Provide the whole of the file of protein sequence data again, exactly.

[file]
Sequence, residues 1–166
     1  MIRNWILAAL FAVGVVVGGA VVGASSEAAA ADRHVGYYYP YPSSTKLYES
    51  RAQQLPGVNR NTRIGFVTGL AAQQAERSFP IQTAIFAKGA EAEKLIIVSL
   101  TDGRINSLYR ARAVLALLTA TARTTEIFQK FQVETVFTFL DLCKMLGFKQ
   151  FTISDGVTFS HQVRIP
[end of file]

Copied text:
Sequence, residues 1–166
     1  MIRNWILAAL FAVGVVVGGA VVGASSEAAA ADRHVGYYYP YPSSTKLYES
    51  RAQQLPGVNR NTRIGFVTGL AAQQAERSFP IQTAIFAKGA EAEKLIIVSL
   101  TDGRINSLYR ARAVLALLTA TARTTEIFQK FQVETVFTFL DLCKMLGFKQ
   151  FTISDGVTFS HQVRIP